How Secure is your GSM network?

GSM services offer protection to the users and network operators against undesirable intrusion by third parties. Let’s delve deep into how the security of GSM services is ensured -- Rajiv Kumar Singh

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Associated registers. The home location register (HLR) contains all the administrative information of each subscriber registered in the corresponding GSM network, along with the current location of the mobile. There is logically one HLR per GSM network, though it may contain several physical HLRs depending on the number of mobile subscribers, capacity of the equipment and the organisation of the network. However, even if the HLR comprises geographically-separated hardware, it logically forms a single virtual database.

The visitor location register (VLR) is a database serving temporary subscribers within an MSC area. Each MSC in the network has an associated VLR that may serve many MSCs. A mobile station roaming in an MSC area is controlled by the VLR associated with that MSC.

When an MS enters a new location area, it starts a registration procedure. The MSC incharge of that area notices this registration and transfers the identity of the location area where the MS to the VLR is situated. If this MS is not yet registered, the VLR and HLR exchange information to allow proper handling of calls involving the MS.

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The authentication centre (AuC) is associated with an HLR and stores an identity key for each mobile subscriber registered with the associated HLR. This key is used to generate data, which is used to authenticate the IMSI. The key is also used to encrypt user-data and cipher communication over the radio path between the mobile station and the network.

The equipment identity register (EIR) is a database that contains a list of all valid mobile equipment on the network, where each mobile station is identified by its IMEI number. The status returned in response to an IMEI query to the EIR may be white-listed, grey-listed or black-listed. The white-listed ME is allowed to connect to the network. Grey-listed means that the terminal is under observation from the network for possible problems. The black-listed terminal has either been reported stolen or is not type-approved (the correct type of terminal for a GSM network). Black-listed terminals are not allowed to connect to the network.

GSM security mechanisms
GSM standard was designed to be a secure mobile phone system with strong subscriber-authentication and over-the-air transmission encryption. The security model and algorithms were developed in secrecy and were never published. GSM system provides solutions to a few important aspects of security including:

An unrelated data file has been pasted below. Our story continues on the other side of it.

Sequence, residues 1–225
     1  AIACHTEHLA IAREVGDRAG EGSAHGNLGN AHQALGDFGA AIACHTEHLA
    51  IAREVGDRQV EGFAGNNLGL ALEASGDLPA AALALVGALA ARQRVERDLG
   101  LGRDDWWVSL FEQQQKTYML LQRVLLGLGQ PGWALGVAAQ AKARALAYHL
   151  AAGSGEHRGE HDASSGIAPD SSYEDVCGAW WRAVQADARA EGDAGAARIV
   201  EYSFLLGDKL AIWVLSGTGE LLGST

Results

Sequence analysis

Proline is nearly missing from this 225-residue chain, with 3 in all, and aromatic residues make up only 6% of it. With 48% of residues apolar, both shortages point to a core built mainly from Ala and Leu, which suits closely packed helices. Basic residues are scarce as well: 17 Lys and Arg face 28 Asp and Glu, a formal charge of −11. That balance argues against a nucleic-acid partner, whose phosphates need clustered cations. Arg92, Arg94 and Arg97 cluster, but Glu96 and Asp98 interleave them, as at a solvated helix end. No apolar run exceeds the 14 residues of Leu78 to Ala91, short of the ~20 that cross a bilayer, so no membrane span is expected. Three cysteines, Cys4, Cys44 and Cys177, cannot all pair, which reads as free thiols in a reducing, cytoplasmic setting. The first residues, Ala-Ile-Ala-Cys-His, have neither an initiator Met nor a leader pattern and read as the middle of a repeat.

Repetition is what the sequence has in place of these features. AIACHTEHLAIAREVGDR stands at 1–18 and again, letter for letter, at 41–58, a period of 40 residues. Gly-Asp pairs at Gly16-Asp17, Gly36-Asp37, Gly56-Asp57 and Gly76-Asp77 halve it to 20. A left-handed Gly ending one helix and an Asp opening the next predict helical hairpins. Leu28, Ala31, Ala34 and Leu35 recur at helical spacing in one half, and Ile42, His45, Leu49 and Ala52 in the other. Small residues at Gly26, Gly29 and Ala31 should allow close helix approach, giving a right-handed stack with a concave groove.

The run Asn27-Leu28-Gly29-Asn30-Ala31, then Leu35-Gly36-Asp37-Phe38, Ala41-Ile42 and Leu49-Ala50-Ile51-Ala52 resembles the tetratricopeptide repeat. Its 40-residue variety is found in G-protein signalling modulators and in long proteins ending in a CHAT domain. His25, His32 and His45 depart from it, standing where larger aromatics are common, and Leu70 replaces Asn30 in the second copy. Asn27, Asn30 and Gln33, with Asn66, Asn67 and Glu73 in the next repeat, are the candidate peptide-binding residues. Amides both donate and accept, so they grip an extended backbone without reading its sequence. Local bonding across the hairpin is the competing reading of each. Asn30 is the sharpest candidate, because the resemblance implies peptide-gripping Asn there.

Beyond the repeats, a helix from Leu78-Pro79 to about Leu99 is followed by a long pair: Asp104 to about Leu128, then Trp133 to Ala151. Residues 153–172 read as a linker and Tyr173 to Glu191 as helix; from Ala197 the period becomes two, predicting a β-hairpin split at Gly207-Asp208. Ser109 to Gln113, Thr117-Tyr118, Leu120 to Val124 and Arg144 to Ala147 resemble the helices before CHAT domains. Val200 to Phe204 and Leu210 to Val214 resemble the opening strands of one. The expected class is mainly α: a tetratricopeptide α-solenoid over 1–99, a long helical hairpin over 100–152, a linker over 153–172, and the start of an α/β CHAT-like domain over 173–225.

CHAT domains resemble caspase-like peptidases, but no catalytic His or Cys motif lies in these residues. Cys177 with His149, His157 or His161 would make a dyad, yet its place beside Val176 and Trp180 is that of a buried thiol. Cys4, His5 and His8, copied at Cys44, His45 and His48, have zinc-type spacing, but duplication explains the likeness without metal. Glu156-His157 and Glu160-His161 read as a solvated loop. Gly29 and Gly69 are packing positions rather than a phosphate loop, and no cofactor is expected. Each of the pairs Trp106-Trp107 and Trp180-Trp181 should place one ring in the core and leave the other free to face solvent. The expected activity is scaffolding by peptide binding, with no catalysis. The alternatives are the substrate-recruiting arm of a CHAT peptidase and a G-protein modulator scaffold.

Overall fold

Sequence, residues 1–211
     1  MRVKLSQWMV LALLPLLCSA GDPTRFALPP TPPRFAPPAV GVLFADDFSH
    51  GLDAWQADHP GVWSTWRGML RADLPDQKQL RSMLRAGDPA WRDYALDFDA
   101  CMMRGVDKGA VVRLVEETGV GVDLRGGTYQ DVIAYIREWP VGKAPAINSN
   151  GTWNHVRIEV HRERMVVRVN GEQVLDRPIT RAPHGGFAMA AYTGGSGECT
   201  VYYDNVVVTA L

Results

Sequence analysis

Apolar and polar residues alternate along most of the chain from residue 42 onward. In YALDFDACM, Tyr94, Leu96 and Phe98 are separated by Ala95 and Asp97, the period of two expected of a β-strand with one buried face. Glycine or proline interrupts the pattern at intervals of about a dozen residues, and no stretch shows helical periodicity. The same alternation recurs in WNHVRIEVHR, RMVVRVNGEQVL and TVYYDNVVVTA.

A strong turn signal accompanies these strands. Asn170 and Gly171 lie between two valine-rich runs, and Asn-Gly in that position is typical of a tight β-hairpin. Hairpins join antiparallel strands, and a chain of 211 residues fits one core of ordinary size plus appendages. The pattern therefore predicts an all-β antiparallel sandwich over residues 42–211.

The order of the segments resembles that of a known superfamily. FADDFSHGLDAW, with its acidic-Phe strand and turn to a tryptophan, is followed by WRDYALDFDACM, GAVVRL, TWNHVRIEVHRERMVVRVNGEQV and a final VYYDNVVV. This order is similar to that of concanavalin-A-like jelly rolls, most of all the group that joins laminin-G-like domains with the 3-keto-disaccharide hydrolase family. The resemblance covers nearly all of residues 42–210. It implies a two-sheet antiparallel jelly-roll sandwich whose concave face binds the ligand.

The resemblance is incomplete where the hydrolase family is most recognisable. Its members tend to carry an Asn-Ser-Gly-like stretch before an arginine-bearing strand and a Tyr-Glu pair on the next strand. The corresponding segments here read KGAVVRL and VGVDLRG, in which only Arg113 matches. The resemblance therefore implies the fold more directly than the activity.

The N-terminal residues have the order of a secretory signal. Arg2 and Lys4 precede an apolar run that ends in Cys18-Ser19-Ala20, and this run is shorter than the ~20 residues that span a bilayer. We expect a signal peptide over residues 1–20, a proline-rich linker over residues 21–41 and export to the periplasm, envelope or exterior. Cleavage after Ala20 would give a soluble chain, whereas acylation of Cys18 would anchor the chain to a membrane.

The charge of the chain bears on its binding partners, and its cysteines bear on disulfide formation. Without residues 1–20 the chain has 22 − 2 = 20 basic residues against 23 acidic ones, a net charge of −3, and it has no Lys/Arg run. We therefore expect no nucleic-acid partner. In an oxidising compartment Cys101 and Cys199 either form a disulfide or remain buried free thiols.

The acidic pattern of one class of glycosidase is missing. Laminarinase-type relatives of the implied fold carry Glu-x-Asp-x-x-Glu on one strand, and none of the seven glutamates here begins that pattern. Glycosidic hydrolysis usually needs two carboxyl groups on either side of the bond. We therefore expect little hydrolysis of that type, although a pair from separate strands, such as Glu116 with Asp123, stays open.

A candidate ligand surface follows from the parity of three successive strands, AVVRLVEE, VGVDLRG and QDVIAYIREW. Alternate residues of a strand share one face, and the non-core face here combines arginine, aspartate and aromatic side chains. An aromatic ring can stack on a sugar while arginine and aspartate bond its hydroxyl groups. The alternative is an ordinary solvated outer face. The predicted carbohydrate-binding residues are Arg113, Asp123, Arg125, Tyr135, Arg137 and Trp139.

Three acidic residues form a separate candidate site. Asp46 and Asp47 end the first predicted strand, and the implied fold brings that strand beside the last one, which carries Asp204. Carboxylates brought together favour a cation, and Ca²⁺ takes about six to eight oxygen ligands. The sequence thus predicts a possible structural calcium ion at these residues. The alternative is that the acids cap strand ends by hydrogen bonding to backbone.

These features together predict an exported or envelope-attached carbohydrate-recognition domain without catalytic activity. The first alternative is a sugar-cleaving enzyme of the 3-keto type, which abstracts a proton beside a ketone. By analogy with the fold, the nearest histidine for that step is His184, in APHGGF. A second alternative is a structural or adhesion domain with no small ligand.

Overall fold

1. Authorising network access (authentication)
2. Protecting user-identity confidentiality (use of temporary identities)
3. Protecting user-data confidentiality (use of encryption)
4. Protecting network signalling information and the SIM module, which plays an important role in GSM security

A personal identification number (PIN) code is used as a local security (network security is not involved here) for authentication of the SIM. The PIN is stored in the SIM and is asked when the mobile phone is switched on. If three faulty PIN inputs are entered, a longer personal unblocking key is asked. If ten faulty unblocking key inputs are keyed-in, the SIM gets locked.

Authentication. Since Um is vulnerable to fraudulent access, it is necessary to determine whether the IMSI received from the mobile subscriber is from the SIM that was assigned this particular IMSI. For this purpose, authentication of mobile subscribers is done. It is also done to protect the network against unauthorised access. It provides a degree of protection for GSM subscribers by preventing intruders from impersonating authorised users.

A request for authentication can be initiated by the MS or the network. The authentication process involves three items of information:

Ki key. A ciphering key stored permanently only in the MS SIM and in the subscriber profile in the AuC

RAND. A random number generated within the AuC

SRES. A ‘signed result’ code generated in the AuC by passing the Ki and RAND through A3 algorithm

Authentication is built around this notion and Ki that reside in only two places—in AuC and in the user’s SIM card. Since Ki is never transmitted, it is virtually impossible for unauthorised individuals to obtain this key to impersonate a mobile subscriber.



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